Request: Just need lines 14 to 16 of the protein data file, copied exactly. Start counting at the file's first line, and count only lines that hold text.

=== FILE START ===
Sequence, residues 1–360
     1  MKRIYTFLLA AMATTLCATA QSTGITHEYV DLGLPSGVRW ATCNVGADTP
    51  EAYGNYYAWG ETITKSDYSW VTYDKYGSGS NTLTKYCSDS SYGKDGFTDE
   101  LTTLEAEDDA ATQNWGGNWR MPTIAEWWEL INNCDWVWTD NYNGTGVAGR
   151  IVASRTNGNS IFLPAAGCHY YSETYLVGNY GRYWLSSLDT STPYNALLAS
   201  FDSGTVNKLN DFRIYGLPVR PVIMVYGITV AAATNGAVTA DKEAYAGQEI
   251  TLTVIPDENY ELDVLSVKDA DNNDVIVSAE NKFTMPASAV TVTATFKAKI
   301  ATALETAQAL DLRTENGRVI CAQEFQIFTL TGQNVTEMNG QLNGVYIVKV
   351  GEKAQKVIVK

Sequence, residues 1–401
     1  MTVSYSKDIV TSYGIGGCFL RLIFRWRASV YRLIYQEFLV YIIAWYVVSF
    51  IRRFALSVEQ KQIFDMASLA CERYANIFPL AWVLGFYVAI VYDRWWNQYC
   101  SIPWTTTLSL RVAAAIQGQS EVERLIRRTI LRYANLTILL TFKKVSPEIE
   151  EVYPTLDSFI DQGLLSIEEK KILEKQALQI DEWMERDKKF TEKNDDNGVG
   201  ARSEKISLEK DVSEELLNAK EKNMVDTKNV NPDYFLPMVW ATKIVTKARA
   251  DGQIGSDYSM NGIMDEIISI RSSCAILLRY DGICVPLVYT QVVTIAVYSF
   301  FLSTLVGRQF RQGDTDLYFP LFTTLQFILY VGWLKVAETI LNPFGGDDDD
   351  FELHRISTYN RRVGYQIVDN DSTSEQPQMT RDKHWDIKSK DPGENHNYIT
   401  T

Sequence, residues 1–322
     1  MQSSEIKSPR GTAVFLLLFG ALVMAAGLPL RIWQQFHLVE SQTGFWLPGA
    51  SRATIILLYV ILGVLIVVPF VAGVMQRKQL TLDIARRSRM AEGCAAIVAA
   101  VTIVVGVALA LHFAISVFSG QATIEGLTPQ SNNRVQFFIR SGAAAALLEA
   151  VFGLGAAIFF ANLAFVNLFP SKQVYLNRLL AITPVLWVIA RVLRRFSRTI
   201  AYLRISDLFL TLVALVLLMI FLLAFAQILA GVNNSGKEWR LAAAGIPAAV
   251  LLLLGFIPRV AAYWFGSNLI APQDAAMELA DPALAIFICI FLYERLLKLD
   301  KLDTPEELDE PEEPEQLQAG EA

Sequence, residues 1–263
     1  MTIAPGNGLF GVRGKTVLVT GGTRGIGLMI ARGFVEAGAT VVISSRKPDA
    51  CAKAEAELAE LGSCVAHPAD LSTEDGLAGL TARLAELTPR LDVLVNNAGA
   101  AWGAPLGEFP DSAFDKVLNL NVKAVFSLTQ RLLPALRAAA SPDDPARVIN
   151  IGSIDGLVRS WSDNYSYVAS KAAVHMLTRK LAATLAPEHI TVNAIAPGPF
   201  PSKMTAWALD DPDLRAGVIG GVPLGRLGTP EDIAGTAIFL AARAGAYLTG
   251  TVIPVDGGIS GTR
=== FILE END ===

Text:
   151  EVYPTLDSFI DQGLLSIEEK KILEKQALQI DEWMERDKKF TEKNDDNGVG
   201  ARSEKISLEK DVSEELLNAK EKNMVDTKNV NPDYFLPMVW ATKIVTKARA
   251  DGQIGSDYSM NGIMDEIISI RSSCAILLRY DGICVPLVYT QVVTIAVYSF